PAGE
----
Author Archives: Zeke Russell

About Zeke Russell

Zeke Russell grew up in Central Maine surrounded by artists and lumberjacks. Since then he's been a cook, a teacher, a security guard and a social worker. He lives in South Boston with his partner Emily and the world's worst behaved pug dog. He does his best to try to end homelessness, writes poems, and usually needs a haircut.

Prayer Bead

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Frank Pochese lived on a hill near the railroad tracks
across from the shell of the abandoned
New Walk Shoe Factory.

Frank would hit other boys
whenever they got close enough,
would flip the tables in the school cafeteria.
My mother said be nice,
said Frank just did the things he did.

Once I walked up the hill to frank’s house,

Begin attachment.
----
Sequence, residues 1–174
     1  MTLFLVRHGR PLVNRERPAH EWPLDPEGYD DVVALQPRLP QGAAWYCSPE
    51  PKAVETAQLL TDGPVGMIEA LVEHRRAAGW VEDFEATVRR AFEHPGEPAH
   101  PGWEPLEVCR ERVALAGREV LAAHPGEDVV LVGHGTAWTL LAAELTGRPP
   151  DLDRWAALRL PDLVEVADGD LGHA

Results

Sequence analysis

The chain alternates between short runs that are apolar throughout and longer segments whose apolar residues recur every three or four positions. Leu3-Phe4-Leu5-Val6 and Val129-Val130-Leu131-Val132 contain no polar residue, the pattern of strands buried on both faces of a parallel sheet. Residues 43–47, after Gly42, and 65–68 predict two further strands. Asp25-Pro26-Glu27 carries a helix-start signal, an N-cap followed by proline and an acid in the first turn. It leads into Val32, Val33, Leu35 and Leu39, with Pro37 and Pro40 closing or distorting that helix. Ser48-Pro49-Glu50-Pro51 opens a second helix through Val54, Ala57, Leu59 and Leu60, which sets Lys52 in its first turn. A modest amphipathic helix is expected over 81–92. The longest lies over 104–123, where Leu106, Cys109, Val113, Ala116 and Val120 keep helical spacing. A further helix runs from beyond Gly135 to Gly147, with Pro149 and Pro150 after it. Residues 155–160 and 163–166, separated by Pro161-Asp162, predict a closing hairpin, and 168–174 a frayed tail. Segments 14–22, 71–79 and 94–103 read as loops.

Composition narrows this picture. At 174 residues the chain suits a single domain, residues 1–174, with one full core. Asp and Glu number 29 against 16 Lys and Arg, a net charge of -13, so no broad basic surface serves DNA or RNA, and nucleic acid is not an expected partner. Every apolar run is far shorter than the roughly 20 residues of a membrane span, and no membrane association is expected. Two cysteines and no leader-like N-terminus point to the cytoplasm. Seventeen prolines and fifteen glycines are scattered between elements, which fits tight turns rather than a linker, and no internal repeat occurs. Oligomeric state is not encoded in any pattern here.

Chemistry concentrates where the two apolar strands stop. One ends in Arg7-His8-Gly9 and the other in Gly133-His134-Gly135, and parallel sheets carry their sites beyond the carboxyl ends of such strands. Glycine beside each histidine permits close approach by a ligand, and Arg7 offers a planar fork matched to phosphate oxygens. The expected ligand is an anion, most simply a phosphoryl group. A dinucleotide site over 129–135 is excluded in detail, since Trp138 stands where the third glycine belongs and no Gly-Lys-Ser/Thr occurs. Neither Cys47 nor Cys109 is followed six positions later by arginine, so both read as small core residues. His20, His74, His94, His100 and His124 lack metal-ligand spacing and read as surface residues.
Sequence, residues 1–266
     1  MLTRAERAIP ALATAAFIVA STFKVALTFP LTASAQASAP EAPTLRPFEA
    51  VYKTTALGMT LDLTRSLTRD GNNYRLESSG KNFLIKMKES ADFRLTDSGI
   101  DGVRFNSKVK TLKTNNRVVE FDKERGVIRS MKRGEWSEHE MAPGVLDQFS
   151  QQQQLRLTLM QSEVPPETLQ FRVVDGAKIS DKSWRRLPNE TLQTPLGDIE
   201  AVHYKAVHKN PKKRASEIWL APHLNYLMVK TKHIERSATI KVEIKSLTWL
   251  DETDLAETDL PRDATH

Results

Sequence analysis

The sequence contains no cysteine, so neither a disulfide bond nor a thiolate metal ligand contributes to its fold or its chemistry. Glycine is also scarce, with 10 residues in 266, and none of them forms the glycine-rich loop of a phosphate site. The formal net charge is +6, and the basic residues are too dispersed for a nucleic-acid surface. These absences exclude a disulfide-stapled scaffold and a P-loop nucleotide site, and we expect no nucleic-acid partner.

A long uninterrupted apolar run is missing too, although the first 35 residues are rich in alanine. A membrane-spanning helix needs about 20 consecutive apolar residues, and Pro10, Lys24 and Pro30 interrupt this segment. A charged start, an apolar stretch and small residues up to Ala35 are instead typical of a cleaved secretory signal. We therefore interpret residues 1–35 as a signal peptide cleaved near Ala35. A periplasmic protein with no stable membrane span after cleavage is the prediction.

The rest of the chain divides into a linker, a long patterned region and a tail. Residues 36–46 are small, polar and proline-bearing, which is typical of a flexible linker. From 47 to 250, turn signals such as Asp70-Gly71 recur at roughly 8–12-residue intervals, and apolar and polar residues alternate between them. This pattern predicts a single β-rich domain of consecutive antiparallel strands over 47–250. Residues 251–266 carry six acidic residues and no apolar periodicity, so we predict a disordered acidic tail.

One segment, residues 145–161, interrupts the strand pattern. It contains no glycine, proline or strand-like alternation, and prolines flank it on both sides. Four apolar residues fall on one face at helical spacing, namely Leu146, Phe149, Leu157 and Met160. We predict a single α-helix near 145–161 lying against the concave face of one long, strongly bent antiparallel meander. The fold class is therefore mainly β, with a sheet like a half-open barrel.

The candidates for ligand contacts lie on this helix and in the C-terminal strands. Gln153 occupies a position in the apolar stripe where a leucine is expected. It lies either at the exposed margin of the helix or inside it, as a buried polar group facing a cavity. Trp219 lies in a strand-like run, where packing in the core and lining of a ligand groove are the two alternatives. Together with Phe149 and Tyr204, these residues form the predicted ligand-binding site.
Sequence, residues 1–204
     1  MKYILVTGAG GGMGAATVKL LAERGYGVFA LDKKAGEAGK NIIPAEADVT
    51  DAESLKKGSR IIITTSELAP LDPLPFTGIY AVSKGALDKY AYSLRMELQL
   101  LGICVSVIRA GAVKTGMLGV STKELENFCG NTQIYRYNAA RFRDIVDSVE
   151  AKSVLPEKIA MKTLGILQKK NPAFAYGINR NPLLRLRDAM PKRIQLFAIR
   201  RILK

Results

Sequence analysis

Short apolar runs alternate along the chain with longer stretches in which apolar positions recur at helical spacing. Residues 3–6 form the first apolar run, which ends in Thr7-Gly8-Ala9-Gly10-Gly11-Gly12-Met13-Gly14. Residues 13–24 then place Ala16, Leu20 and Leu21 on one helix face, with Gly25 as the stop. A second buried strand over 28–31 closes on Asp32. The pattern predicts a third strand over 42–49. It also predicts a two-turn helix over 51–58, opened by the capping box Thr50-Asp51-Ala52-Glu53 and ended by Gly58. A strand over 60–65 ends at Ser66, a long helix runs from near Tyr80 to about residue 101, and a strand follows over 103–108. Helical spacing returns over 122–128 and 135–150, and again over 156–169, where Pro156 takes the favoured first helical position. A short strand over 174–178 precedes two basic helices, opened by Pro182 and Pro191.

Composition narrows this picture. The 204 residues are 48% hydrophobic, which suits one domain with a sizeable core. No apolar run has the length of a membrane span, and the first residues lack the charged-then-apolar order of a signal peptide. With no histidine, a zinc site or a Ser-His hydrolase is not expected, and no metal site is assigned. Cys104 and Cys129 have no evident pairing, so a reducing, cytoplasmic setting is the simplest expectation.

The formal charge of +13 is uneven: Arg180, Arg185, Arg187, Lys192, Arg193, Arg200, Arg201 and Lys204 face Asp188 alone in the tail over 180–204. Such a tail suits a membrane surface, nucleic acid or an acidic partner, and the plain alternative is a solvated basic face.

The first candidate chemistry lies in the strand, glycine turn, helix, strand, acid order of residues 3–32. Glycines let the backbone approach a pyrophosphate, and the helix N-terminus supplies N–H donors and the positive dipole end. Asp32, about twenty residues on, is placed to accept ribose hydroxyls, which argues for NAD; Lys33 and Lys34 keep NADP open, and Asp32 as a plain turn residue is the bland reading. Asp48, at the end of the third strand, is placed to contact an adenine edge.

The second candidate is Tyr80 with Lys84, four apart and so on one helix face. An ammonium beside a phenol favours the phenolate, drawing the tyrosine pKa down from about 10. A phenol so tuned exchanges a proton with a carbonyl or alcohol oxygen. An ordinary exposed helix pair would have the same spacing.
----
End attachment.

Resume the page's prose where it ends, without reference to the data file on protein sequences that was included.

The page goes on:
saw the little trailer with it’s tacked on porch.
Saw frank’s grandfather hand stitching moccasins.
Saw frank sitting quiet next to him.
One kid at school said
Frank’s mom lived up
on the Passamaquoddy reservation.
Said frank lived with his grandparents
because she drank too much. Continue reading

Four Poems – Zeke Russell

To the junkie who told me he hated me when I revealed I've been clean 
for eight years

Sometimes, I hate me, too.
Sometimes I wake up, rub
the place on my left arm
that will never be the soft flesh
it was before. And every night
I go to bed with that skin 
unopened. I know that I will live,
and I know
that I don't deserve this,
that this redemption
would fit better 
on someone else's shoulders—
someone who paid more for it.


This is how it happens to you:
They send you home, left leg shattered
and stitched back together and screaming.
Screaming the metal on metal of a train wreck.
A four a.m. smoke alarm you will not 
get the batteries out of. 

They give you those little white pills
and they work. Not the way the Tylenol 3
with Codeine works, that just puts a blanket 
over the noise. No, they turn that shit
off. Pure, kind silence—and who wouldn’t
get hooked on that?
 Continue reading